SEMA 2014: Ringbrothers 1966 Chevelle ‘Recoil’

ringbrothers-1966-chevelle-recoil-frontOne of my favorite custom car builders are the Ringbrothers (Mike and Jim). I’ve featured their work on this site in the past, including the Mustang Mach1 “Dragon” and the Blizzard Mustang. Taking a break from their usual Fords, they recently wrapped up the build of this 1966 Chevelle nicknamed “Recoil.”

Even among a convention center full of custom cars, this one really stands out. For one thing, the car has no carpet at all. In fact there’s almost nothing soft abou the interior, save for the “seats.” The seats look like a cross between a fighter jet and some kind of bizarre 18th century medical device. Whereas most car guys would bolt in a nice set of Recaros or Corbeaus, these guys completely custom fabricated their own seats – which I think are one of the most interesting parts of the car. It’s the Ringbrothers’ attention to details that really puts them in a league of their own.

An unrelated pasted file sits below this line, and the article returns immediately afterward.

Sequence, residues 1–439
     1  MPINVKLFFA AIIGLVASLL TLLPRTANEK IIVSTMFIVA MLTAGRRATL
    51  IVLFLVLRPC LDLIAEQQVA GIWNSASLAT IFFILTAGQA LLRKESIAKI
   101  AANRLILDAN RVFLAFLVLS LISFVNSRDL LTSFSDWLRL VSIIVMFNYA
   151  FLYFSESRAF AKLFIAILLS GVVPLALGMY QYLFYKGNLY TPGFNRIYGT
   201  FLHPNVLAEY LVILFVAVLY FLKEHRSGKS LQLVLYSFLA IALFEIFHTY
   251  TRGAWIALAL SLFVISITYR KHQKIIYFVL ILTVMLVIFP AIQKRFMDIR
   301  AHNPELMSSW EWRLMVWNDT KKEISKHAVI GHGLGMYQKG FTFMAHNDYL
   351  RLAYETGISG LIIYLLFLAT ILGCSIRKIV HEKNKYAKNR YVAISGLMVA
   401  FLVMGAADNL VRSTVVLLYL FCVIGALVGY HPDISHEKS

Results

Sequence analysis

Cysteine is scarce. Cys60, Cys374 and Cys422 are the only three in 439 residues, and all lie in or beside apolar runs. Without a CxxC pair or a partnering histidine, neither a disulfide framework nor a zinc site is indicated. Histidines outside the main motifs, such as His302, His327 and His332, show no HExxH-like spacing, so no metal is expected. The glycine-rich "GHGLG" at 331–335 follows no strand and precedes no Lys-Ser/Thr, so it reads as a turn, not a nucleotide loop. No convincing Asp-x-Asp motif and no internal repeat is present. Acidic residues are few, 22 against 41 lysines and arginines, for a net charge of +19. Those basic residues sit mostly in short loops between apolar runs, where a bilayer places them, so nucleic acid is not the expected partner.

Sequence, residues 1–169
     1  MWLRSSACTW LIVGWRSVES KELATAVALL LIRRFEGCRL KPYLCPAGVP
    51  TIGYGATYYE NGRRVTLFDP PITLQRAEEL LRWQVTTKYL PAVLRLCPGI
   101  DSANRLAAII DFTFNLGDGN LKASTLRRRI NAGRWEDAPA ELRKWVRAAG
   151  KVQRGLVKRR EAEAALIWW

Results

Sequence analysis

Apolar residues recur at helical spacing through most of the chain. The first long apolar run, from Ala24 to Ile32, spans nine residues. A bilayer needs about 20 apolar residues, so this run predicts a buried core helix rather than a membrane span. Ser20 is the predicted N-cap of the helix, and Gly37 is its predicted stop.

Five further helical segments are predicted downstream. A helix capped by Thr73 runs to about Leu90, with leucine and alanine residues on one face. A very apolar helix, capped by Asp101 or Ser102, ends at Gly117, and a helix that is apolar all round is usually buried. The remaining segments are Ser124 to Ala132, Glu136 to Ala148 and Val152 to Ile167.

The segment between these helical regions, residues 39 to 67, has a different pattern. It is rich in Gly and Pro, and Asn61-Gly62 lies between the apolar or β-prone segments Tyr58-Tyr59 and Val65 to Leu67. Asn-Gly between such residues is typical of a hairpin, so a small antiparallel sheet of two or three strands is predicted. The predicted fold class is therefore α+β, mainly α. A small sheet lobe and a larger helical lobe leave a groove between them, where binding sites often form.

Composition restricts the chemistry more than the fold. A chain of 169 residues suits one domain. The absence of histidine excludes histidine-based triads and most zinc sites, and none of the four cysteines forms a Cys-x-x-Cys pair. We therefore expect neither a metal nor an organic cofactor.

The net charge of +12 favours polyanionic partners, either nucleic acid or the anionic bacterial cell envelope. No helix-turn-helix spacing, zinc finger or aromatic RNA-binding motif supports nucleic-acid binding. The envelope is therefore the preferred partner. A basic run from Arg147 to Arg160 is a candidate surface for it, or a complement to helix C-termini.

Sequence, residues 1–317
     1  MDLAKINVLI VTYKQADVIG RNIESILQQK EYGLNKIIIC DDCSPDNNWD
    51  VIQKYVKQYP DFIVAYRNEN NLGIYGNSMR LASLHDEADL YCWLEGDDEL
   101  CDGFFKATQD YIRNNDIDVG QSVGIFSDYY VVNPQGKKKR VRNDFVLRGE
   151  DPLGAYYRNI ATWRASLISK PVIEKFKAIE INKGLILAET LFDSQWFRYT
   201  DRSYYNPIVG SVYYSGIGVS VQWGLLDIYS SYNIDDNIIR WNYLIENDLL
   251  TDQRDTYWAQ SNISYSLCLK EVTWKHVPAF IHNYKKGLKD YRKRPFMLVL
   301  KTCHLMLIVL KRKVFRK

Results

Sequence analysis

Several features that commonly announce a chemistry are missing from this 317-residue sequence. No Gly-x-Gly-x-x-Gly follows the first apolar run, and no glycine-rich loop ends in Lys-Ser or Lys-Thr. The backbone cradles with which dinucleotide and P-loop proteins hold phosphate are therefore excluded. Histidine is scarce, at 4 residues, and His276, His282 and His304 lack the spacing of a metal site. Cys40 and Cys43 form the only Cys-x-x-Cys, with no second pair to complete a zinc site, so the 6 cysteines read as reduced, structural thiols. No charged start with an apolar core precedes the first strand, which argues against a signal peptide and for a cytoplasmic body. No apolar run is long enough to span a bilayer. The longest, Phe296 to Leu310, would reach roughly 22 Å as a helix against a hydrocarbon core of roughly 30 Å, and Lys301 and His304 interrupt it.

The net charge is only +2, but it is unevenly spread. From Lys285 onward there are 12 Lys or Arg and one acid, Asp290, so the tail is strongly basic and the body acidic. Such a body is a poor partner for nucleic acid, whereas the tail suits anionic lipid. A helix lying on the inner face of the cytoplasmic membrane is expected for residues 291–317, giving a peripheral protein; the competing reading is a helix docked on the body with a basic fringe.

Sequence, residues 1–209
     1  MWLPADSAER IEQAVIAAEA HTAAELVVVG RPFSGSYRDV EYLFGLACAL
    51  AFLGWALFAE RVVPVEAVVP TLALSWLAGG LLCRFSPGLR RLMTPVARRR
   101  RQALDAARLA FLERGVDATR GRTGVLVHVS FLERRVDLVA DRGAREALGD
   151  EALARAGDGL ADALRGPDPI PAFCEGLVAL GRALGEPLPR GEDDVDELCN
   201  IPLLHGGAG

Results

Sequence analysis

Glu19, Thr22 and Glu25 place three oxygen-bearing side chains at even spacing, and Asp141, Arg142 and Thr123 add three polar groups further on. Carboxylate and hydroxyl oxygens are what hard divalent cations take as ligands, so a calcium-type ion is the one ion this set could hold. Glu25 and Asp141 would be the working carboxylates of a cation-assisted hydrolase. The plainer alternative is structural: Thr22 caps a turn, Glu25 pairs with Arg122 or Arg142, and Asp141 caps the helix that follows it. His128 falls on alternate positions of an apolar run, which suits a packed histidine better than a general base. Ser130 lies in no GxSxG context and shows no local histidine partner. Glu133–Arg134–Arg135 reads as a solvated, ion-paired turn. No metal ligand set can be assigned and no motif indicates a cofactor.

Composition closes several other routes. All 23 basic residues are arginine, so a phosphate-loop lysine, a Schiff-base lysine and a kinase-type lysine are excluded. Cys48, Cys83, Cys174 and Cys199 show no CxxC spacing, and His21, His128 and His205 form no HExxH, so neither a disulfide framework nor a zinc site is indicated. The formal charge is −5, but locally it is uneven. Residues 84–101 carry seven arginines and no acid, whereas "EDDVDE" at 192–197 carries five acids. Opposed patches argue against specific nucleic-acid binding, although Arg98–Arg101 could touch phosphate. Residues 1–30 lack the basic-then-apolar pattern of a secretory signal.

ringbrothers-1966-chevelle-recoil-interiorEverything inside the car is painted white, grey, or black, which gives the whole car a very mechanical feel. It places functionality over beauty and lacks any sort of aesthetic adornment. The dashboard is a barren desert airstrip with just a few gauges for the driver. There are no touchscreens or LEDs or gadgets in here. Behind the wheel, you are more of a machine operator than a Sunday driver.

Aside from its obvious physical differences to other custom cars, the Recoil Chevelle is still a performance muscle car. Under the hood is a supercharged LS7 engine from Wegner Motorsports pumping out 980 horsepower on 91-octane pump gas. This is coupled to a Tremec transmission that’s been rebuilt by Bowler Transmissions.
ringbrothers-1966-chevelle-recoil-rearAs you might imagine, this will primarily be a track/competiton car instead of a street car. It rides on a custom chassis from The Roadster Shop with Corvette C5 front suspension and a 4-link in the rear. There are AFCO shocks at all four corners which help the car transfer energy in the turns.

It’s also loaded up with Baer brakes, a Magnaflow exhaust system, and rides on a set of custom HRE/Ringbrothers wheels that are 19″ in the front and 20″ in the rear. The total build has about 5,000 man-hours of labor into it, which is crazy! Building a car like this is definitely a test of patience as much as it is finances. No word on what this thing cost to build, either.

I hope to see more great work from the Ringbrothers at SEMA 2015 and beyond!